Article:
REDUCING STEM CELL MIGRATION/ADHD TO FOCUS HEALING
“Stem cells are smart and will only stay in one place to repair damaged cells and tissues until called away for more dire situations requiring attention. Like little ADHD multi-tasking mechanics/repairmen, they run all over the body where the body has decided (through a very complex set of devices) they are most needed. This results in stem cells dedicated to mending bones, suddenly running off to fix the heart, pancreas, etc before finishing the job on the broken bone. While this is a great holistic and triage approach (paying attention and dedicating resources to that which needs it most), it makes it difficult to access how powerful and successful stem cells are at resolving a single issue/condition in the body.
A lot can be said for repairing many areas in the entire body simultaneously, in fact, this is one of stem cells’ greatest strengths…but it doesn’t sit well with the concept of “completing one job before moving on to another.” Scientists have devised a new way to make stem cells stay put and finish the job they were directed to do. No more stem cell ADHD.
In the case of serious and terminal diseases, this is an excellent innovation. If you can fix that which is going to fail first, you can then move on to what’s next. It also makes commercialization of stem cells easier. Nobody picks up their car with the damaged exhaust from the mechanic and he says: ‘I got the exhaust half done but realized your distributor, struts and alternator were shot so I fixed them instead.’ But your body is not a car.
This may be a wonderful innovation or it may be another instance of scientists trying to aggressively control a natural healing system in the body. I think it’s both and the result is we now have one more extraordinary tool for fighting disease…and like any tool, it will be used well and for the right reasons and results and also used poorly for the wrong reasons and results. Ultimately, our understanding of the modus operandi of stem cells has increased, our ability to manipulate stem cells has increased and the everyday miracles of stem cell treatment results are getting better and better understood and more common place all the time.” – David Granovsky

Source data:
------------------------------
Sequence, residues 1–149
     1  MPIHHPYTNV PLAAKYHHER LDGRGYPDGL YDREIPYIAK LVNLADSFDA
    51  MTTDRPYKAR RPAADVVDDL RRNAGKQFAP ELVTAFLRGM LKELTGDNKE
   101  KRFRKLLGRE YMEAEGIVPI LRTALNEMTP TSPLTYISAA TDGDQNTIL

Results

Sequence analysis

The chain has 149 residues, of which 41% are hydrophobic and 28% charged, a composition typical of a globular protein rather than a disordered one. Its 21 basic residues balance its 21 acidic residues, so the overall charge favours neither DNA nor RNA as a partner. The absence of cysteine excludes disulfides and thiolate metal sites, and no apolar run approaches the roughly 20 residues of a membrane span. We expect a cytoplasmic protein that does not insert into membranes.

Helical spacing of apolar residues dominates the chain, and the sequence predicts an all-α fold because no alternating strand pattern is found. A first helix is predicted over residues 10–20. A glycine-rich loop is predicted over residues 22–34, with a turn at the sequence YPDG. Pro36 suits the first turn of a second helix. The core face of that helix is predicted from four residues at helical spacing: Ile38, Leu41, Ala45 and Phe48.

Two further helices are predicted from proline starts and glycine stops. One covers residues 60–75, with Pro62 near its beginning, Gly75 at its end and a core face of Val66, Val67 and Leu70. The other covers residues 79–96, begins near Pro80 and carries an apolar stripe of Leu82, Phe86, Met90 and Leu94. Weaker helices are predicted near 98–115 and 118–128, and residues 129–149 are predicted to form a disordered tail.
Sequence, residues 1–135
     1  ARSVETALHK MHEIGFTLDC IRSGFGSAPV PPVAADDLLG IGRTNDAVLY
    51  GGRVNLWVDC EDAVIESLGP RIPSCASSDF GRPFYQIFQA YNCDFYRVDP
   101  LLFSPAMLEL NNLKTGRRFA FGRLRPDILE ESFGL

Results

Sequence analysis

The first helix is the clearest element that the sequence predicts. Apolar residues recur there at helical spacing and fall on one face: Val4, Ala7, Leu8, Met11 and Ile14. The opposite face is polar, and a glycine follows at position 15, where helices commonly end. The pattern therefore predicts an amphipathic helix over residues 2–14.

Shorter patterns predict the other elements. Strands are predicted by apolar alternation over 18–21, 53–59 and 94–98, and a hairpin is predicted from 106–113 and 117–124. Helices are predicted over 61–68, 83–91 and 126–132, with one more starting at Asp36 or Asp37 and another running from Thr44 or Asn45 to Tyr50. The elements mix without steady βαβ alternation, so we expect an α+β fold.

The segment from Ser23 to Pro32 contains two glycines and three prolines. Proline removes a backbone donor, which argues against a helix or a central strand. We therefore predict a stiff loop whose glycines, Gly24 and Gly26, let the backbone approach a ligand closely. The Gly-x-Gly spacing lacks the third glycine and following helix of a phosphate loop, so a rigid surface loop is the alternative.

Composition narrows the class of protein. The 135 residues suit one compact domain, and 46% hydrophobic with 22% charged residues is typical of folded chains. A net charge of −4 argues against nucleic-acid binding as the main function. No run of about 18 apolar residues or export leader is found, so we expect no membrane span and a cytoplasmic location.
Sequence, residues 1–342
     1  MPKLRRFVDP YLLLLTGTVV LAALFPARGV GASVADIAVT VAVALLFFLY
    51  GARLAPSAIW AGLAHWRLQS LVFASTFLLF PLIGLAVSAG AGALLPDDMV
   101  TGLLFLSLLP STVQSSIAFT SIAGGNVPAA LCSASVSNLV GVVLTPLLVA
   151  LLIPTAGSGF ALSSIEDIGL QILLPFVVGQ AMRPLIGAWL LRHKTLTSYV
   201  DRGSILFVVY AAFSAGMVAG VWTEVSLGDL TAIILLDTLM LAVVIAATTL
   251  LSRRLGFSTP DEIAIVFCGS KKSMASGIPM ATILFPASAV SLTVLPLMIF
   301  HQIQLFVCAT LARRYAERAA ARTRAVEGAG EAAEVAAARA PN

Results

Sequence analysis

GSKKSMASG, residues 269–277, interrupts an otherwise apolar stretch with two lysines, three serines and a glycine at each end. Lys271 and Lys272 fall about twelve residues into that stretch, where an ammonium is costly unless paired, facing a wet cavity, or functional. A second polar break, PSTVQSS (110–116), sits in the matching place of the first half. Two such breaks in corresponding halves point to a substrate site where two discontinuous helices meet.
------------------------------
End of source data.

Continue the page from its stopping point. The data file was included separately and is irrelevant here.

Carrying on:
Delivering Capsules of Stem Cells Helps Repair Injured Bones
“One trouble with stem cells is that they don’t stay put. When doctors put cardiovascular progenitor cells in the heart to heal damage from a heart attack, the cells are whisked away in the bloodstream in a matter of hours.
Researchers, and a couple of renegade doctors in Colorado, have shown that stem cells do help bones heal. While bones, even the intricately shaped jawbone, have been grown in the lab, researchers have been somewhat stymied in their efforts at the seemingly more banal task of using stem cells and grafts to help heal major fractures, bones removed in surgery and other hard-to-fix injuries inside the body.
That’s where materials science comes in.
University of Rochester biomedical engineer Danielle Benoit encapsulated bone progenitor cells in a hydrogel wrapper and placed it on the bone she aimed to heal. Benoit hoped the wrapper would result in fewer stem cells being washed away and more sticking around to do the work of healing the bone…”